What do you do if a debtor fails to adhere to their confirmed bankruptcy plan?

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A recent opinion from the Michigan Court of Appeals explained that when a debtor defaults under a confirmed Chapter 11 bankruptcy plan, a creditor can enforce their rights in a court of state, and possibly in bankruptcy court as well.

In City of Southfield v Shefa, LLC,[1] a debtor who owned a hotel filed for bankruptcy under Chapter 11 of the Bankruptcy Code in 2015. The bankruptcy court upheld the debtor’s plan in 2016. The plan imposed a number of obligations on the debtor. Among these was the requirement that the debtor execute a mortgage in favor of the town of Southfield to secure the debtor’s obligation to make certain physical improvements to his property. The mortgage also required the debtor to keep up to date with his taxes and allowed for the appointment of a receiver in the event of default.

In 2019, the city sued the debtor in Oakland County Circuit Court, claiming the debtor violated the terms of the mortgage. The City requested the appointment of a receiver and the seizure of the mortgage. The Circuit Court dismissed the case, holding that only the bankruptcy court could hear the dispute (i.e. it had jurisdiction over the matter).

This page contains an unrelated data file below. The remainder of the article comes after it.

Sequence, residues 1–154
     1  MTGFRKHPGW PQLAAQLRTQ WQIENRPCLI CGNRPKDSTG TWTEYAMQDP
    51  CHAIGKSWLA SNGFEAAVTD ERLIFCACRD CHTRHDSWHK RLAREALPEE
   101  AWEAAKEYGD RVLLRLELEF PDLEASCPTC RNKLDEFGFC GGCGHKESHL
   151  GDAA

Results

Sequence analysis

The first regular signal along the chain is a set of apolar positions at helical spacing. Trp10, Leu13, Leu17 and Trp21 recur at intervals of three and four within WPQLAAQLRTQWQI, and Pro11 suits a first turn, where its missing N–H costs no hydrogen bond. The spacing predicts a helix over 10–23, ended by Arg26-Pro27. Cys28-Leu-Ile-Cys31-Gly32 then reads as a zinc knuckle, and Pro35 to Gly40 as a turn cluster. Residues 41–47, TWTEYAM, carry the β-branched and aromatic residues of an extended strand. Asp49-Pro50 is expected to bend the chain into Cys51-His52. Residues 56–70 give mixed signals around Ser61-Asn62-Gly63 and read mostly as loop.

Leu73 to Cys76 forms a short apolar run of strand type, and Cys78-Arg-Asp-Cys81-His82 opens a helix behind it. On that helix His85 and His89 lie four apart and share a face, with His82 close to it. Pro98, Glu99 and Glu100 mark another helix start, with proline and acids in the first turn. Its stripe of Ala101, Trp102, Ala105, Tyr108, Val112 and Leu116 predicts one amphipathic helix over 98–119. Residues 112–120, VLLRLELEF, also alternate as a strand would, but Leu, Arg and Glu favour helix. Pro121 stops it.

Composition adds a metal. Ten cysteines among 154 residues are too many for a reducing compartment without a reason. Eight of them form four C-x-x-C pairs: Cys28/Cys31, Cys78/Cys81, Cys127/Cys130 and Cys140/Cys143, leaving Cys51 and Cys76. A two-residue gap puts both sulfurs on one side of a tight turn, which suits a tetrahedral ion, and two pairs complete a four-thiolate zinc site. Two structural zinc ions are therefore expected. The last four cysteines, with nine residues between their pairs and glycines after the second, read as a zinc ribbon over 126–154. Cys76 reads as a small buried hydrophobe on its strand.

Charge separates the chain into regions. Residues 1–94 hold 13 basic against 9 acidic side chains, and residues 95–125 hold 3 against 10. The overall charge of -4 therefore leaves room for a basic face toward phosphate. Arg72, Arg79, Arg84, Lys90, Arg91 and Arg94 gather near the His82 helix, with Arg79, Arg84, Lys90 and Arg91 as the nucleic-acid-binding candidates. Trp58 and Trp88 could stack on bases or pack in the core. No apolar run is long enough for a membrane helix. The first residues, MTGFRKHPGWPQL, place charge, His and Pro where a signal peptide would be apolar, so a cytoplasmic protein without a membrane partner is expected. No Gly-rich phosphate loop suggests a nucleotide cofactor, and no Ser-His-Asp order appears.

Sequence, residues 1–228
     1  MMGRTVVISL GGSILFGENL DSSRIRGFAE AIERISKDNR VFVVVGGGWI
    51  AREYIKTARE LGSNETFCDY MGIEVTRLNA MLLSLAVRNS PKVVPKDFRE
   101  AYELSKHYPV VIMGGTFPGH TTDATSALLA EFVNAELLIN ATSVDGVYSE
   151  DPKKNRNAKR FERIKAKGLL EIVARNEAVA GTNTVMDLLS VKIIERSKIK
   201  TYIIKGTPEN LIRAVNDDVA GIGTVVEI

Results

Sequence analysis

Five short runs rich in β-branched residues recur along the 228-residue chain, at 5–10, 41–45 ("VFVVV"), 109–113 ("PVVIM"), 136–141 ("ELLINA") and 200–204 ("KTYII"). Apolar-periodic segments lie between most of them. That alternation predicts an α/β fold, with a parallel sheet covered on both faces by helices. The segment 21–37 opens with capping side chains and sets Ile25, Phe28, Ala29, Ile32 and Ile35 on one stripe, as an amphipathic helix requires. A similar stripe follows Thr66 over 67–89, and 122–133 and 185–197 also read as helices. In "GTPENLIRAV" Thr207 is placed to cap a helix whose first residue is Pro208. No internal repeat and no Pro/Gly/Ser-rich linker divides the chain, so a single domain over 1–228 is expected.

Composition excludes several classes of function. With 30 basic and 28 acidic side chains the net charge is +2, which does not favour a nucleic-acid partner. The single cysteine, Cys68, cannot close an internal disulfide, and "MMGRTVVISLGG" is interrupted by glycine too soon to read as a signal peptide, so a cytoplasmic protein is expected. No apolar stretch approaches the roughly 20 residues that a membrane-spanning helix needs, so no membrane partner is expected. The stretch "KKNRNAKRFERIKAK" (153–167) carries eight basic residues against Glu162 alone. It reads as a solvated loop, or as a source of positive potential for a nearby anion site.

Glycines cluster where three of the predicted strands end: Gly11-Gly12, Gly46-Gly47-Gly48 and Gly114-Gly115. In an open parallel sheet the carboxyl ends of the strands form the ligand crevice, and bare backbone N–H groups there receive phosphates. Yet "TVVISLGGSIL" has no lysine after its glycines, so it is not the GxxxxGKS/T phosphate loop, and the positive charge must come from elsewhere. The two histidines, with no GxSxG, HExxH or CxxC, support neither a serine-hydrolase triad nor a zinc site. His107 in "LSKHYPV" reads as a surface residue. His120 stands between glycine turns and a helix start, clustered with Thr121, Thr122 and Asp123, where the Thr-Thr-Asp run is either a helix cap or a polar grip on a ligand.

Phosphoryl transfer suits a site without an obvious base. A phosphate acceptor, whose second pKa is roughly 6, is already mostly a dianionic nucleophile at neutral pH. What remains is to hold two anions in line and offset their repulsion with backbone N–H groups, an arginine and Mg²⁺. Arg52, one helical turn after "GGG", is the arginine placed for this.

In a reasoned opinion, the Michigan Court of Appeals reversed, explaining that although the bankruptcy court had exclusive jurisdiction over certain aspects of the bankruptcy proceedings and may have had jurisdiction over the city’s lawsuit , its jurisdiction over the city lawsuit was not exclusive. The circuit court had concurrent jurisdiction with the bankruptcy court over the city’s lawsuit, meaning it could also hear that dispute and therefore should not have dismissed the suit.

the Shefa This case is a reminder that a confirmed bankruptcy plan often imposes obligations on both debtors and creditors. If a debtor breaches its plan, a state court often has the ability to enforce the obligations of the plan, especially those based on state law. This can be good news for creditors who are uncomfortable litigates in bankruptcy court, a place that may seem unfamiliar to them.

[1] No. 350885, 2022 WL 413923 (Mich. Ct. App. February 10, 2022).

© 2022 Miller, Canfield, Paddock and Stone PLC National Law Review, Volume XII, Number 46

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